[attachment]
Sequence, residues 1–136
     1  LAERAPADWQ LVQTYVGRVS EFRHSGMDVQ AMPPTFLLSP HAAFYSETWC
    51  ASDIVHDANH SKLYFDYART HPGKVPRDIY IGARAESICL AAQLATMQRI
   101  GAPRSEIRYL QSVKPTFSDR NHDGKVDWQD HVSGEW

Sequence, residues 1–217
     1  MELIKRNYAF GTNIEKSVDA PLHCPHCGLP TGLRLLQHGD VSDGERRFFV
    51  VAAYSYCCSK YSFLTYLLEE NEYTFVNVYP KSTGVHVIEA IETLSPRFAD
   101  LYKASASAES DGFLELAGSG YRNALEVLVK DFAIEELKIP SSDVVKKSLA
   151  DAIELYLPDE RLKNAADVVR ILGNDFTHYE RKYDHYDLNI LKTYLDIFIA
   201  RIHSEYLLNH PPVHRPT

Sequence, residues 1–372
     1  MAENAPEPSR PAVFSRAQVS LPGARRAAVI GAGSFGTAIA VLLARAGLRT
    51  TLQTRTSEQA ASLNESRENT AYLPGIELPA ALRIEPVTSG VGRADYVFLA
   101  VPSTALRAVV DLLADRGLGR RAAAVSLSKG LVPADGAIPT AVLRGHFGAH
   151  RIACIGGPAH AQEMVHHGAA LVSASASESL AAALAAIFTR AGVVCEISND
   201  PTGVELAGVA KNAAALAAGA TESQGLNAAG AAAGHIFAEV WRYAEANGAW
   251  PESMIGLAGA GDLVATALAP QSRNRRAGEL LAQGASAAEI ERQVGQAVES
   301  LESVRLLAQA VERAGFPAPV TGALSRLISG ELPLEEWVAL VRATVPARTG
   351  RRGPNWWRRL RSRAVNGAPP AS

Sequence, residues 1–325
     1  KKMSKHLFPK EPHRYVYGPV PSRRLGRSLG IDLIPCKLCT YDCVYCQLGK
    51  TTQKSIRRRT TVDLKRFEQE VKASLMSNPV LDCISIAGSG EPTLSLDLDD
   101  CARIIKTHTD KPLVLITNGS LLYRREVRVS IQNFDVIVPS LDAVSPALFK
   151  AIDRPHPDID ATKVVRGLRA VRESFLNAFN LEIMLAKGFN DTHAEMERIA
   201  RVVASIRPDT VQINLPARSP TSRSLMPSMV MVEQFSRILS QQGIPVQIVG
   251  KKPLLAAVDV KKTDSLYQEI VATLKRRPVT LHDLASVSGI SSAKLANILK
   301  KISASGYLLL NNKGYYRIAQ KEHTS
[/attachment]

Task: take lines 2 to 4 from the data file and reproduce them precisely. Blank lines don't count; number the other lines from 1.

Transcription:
     1  LAERAPADWQ LVQTYVGRVS EFRHSGMDVQ AMPPTFLLSP HAAFYSETWC
    51  ASDIVHDANH SKLYFDYART HPGKVPRDIY IGARAESICL AAQLATMQRI
   101  GAPRSEIRYL QSVKPTFSDR NHDGKVDWQD HVSGEW